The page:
Queen's Trinity Cross medal scrapped... because it's 'too Christian'
A medal personally established by the Queen is being withdrawn after it was deemed offensive to Muslims and Hindus.
The honour - known as The Trinity Cross of the Order of Trinity - has been ruled unlawful and too Christian.
It has been awarded to 62 distinguished residents of the former colony of Trinidad and Tobago over more than 40 years, including cricketers Brian Lara and Garfield Sobers, novelist V.S. Naipaul and many diplomats and politicians.
Caribbean storm: The old Trinity Cross (left) is replaced with the Order of the Republic of Trinidad and Tobago, which has removed any Christian symbols
But groups representing the Caribbean islands' Muslim and Hindu communities - which account for around a third of their 1.3million-strong population - had argued that the words 'Trinity' and 'Cross' were 'overtly Christian'. They also said the use of a cross insignia was offensive.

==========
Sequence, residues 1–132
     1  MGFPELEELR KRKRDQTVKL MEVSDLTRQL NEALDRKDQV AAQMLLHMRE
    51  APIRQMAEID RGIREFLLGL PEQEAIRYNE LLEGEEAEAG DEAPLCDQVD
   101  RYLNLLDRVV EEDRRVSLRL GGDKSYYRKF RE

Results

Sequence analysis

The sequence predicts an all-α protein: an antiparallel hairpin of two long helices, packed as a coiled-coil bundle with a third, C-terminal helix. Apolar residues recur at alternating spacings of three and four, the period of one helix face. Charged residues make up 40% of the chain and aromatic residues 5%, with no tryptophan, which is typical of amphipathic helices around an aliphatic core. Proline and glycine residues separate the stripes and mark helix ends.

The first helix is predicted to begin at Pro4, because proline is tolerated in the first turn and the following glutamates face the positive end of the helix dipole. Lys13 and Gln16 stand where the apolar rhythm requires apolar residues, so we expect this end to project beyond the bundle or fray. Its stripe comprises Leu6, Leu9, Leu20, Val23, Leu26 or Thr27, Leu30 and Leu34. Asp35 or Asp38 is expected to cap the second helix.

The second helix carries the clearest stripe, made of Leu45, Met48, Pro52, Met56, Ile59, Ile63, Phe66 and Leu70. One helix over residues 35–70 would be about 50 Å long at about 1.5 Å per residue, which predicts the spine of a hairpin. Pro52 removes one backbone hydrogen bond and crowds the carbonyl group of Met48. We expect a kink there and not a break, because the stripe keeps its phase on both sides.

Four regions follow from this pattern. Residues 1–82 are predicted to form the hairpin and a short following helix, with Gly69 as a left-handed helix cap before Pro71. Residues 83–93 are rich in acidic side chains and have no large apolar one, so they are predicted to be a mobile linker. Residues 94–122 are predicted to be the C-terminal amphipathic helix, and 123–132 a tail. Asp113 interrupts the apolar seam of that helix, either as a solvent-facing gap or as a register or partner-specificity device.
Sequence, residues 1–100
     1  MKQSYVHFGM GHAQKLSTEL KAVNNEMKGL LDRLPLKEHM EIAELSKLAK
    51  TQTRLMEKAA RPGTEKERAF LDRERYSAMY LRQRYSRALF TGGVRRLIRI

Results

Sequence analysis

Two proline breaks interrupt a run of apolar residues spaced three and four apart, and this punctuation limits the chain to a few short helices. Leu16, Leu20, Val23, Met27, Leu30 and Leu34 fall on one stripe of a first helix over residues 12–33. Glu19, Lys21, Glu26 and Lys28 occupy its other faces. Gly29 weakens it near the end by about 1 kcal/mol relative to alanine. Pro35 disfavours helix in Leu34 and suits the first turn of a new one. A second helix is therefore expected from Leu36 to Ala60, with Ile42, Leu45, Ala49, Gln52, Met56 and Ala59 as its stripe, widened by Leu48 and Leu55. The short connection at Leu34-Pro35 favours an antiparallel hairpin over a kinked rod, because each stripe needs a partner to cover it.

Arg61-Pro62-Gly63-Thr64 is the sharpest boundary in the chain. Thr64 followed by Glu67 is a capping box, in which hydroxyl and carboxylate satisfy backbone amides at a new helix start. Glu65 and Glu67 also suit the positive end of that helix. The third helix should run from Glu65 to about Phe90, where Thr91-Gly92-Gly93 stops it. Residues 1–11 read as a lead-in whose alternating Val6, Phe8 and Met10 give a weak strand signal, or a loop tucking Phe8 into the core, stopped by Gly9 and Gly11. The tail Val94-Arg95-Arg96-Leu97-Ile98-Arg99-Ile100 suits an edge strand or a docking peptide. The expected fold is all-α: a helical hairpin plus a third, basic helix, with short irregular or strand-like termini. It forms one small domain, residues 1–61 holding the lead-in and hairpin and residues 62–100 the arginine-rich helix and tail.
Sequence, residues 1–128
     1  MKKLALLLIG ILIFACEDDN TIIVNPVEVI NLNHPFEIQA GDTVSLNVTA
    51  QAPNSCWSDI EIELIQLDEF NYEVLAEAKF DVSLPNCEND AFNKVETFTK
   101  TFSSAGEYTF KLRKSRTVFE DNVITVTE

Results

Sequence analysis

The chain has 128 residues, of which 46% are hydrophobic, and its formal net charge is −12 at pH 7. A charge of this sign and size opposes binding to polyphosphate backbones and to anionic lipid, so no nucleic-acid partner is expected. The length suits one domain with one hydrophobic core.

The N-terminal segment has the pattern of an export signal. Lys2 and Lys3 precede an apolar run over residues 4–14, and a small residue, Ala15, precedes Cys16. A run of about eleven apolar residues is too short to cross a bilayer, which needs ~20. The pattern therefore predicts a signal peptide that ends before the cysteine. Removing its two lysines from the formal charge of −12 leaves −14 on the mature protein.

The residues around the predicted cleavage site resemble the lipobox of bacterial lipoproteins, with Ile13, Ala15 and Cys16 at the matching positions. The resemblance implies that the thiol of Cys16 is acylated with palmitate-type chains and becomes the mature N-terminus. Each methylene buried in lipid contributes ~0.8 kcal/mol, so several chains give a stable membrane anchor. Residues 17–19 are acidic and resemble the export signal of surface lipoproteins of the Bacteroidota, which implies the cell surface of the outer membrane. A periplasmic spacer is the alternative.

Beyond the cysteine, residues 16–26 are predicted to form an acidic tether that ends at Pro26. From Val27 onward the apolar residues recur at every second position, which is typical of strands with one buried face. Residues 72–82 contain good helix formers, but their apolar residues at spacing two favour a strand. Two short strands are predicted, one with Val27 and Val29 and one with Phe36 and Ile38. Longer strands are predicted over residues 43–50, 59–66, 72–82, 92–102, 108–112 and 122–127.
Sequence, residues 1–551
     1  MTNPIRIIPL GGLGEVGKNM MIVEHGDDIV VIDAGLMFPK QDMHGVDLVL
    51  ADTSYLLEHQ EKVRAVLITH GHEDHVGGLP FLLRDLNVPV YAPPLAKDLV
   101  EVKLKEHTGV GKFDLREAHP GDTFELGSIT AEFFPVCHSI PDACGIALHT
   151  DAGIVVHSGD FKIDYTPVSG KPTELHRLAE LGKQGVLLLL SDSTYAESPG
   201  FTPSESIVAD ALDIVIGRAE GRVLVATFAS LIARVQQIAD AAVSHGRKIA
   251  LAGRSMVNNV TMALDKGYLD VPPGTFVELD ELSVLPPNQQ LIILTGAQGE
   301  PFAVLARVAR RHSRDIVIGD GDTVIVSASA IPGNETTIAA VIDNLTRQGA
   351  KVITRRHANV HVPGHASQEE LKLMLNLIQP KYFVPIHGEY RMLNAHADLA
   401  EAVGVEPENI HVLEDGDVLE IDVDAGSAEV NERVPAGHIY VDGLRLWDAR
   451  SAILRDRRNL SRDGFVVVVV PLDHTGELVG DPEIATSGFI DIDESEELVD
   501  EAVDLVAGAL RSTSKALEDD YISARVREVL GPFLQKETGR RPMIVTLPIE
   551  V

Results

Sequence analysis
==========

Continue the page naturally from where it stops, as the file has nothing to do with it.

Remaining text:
Five British law lords, all members of the Privy Council, have ruled that the honour breached the right to equality and the right to freedom of conscience and belief.
The Council is an obscure body made up of senior politicians, bishops and peers.
They advise the monarch on the exercise of the Royal Prerogative and act as a final court of appeal for many former colonies.
In the judgment, Lord Hope of Craighead said that the Trinity Cross was 'perceived by Hindus and Muslims living in Trinidad and Tobago as an overtly Christian symbol both in name and substance' and as such breached the islands' constitution of 1976.
It will be replaced with the Order of the Republic of Trinidad and Tobago - a circular medal featuring a sun, stars, water and a map of the islands.
Lawyer Anand Ramlogan of Hindu association Maha Saba said of the decision: 'It's a vindication of the 40 years of disquiet and unease silently suffered by the Muslim and Hindu communities whose legitimate grievance with the Trinity Cross was flippantly dismissed by successive governments.'
The implications of the ruling are being studied by lawyers in the Cabinet Office, which oversees the honours system.
Hugh Peskett, editor-in-chief of Burke's Peerage and Gentry, warned that changing the names of titles to remove Christian references would destroy hundreds of years of history. 'Part of the significance of an honour is its antiquity,' he said.
The Queen is due to visit Trinidad and Tobago - which won independence in 1962 - in November for the Commonwealth heads of government meeting.